Illegality in the timber extraction business is often a symptom of deeper underlying problems. A narrow focus on illegal activities may perpetuate inequities and corrupt resource allocation processes. Forest laws, or decisions made in purported application of the law, often reinforce unfair relationships or disregard customary forest rights. Arguably, such laws need to be reformed before their enforcement can properly serve the public interest.
The following are some examples of laws that may have undesirable results:
- The law extinguishes traditional rights; for example, where logging concessions or protected areas are created without recognition of traditional rights over the forest resource.
- The law is bad for the forest; for example, outdated silvicultural prescriptions required by regulation may do more harm than good to the forest resource.
- Punishment is severe; for example, in Indonesia some officials have proposed introducing the death penalty for illegal loggers.
- The application of the concession allocation system is corrupt; for example, legal permits are handed out to cronies and bribe payers. This could mean that those holding "legal" rights to harvest have gained their permits through corrupt administration of the law.
- The perpetrators of "illegal logging" are poor and the logging is low impact; for example, "bicycle logging" by local communities.
The key safeguard against associating with unjust but legal outcomes in a supplying country is to position your company's policy within the broader context of corporate social responsibility. Similarly, efforts to avoid the products of illegal logging should be embedded within a broader goal of promoting sustainable forestry.
Legal compliance is best seen as a factor that contributes to responsible forest management rather than as the end game. The GFTN Responsible Sourcing Guide deals with this by positioning legality as one step along the way toward achieving environmentally sound, socially beneficial and economically viable production and sourcing of forest products.
Another safeguard is to have an explicit policy on disputed or controversial decisions by officials—for example, alleged corrupt or improper allocation of forestry concessions. This would allow for the reality that many developing countries lack effective administrative law mechanisms such as complaints procedures; tribunals to review official decisions; and the allocation of permits, freedom-of-information provisions and independent watchdog institutions such as an ombudsman. Where such systems are weak or absent, aggrieved parties cannot easily challenge official decisions made improperly or at odds with legal requirements. Your sourcing policy could include a proviso, for example, that if your organization is made aware of a significant dispute over the process by which the forest manager secured the permit, it will inquire into the status of the dispute and not regard the forest as a legal source until the dispute is resolved.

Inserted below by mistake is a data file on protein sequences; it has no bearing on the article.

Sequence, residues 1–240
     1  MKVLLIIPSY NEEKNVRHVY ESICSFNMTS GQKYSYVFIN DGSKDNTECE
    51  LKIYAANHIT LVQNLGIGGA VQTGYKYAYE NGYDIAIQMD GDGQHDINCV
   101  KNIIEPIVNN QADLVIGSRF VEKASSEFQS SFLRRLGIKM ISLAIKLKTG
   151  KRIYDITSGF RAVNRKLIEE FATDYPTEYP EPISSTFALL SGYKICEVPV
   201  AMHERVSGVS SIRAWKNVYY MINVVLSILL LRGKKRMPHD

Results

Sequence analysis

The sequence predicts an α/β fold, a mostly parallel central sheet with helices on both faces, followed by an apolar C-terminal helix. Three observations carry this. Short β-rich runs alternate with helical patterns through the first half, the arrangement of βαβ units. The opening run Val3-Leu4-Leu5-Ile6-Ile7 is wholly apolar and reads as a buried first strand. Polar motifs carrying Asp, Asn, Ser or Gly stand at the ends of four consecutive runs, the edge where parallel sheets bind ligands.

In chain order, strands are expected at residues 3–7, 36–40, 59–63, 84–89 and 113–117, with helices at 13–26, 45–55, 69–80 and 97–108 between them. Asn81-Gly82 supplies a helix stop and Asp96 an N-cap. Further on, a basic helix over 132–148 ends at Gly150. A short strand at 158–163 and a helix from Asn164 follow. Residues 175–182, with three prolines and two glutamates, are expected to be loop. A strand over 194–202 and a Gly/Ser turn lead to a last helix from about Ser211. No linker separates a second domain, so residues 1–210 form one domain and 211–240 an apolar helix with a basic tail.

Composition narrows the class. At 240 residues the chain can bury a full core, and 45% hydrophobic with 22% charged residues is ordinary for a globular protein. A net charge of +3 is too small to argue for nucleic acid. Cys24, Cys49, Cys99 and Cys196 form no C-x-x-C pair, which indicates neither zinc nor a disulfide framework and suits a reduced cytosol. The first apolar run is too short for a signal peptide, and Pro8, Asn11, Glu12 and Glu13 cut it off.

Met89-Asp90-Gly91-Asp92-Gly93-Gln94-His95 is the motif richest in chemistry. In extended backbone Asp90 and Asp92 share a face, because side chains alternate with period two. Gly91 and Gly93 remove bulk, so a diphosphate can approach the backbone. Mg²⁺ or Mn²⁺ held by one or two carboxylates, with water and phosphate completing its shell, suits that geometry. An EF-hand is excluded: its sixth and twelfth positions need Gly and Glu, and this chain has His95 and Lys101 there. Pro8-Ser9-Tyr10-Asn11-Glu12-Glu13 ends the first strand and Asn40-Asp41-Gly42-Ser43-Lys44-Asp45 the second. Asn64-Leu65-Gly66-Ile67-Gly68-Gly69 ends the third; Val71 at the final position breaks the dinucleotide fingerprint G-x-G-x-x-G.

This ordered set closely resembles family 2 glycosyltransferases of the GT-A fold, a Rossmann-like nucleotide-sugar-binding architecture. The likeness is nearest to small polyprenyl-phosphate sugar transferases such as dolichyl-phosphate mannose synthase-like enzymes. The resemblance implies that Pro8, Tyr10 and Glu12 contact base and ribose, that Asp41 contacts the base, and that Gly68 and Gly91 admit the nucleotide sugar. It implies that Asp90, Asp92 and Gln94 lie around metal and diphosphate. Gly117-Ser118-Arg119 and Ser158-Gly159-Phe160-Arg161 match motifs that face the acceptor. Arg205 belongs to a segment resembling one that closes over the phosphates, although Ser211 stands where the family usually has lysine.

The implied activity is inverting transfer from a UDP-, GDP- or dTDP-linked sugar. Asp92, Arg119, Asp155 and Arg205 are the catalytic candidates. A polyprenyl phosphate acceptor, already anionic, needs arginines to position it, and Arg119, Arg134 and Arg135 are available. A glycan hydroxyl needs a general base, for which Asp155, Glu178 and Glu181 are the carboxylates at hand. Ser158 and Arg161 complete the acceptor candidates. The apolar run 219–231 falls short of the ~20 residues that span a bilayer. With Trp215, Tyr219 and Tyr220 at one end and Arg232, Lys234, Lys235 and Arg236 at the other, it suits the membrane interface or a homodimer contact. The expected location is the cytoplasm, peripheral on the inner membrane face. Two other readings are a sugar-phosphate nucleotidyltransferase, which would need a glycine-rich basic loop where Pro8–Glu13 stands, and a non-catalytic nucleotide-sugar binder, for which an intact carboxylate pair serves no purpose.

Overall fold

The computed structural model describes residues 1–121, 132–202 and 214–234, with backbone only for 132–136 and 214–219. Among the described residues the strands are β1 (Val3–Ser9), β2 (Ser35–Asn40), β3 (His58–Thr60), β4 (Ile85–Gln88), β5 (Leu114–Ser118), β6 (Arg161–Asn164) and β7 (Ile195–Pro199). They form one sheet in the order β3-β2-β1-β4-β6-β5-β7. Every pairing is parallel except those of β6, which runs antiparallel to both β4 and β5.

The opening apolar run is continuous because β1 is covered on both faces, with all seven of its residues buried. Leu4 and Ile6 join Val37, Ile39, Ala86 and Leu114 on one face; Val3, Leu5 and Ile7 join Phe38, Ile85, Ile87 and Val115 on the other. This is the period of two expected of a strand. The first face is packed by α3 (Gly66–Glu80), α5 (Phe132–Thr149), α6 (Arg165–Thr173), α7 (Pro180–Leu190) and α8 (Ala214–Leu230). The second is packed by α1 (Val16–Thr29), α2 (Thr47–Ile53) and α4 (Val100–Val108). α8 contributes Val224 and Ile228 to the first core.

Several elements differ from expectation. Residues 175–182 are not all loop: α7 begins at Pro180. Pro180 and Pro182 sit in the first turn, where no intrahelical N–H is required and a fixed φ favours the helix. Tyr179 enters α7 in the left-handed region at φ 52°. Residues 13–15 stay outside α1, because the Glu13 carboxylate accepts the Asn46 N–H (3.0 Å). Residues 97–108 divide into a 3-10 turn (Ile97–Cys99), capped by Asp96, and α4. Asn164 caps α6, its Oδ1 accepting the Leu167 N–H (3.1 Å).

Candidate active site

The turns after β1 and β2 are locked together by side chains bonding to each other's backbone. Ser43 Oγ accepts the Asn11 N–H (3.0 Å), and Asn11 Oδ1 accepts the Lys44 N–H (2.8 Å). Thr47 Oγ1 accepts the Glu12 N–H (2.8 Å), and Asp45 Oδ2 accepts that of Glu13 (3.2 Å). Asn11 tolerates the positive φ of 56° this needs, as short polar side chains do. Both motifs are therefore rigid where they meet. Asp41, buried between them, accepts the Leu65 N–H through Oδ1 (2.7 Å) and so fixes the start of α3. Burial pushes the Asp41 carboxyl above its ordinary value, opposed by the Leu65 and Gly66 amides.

Another issue to consider when formulating a policy is that illegal logging problems are greatest in countries where forest governance is poor. In such countries the task of strengthening governance and building local regulatory capacity will take time, even where there is the political will to improve.
In the transition phase, purchasers can contribute significantly to improved governance by awarding contracts to legitimate enterprises that are attempting to do a good job under difficult conditions. This helps keep the 'good' operators engaged. It is a more positive way forward than boycotting all business in the country. Such contracts, however, must encourage constant improvement, and contracts with organizations that fail to take positive steps should not be renewed. The stepwise approach to responsible sourcing advocated by WWF's GFTN allows flexibility for your company, encouraging your business to stay engaged and to drive reform in the places where the problems are greatest.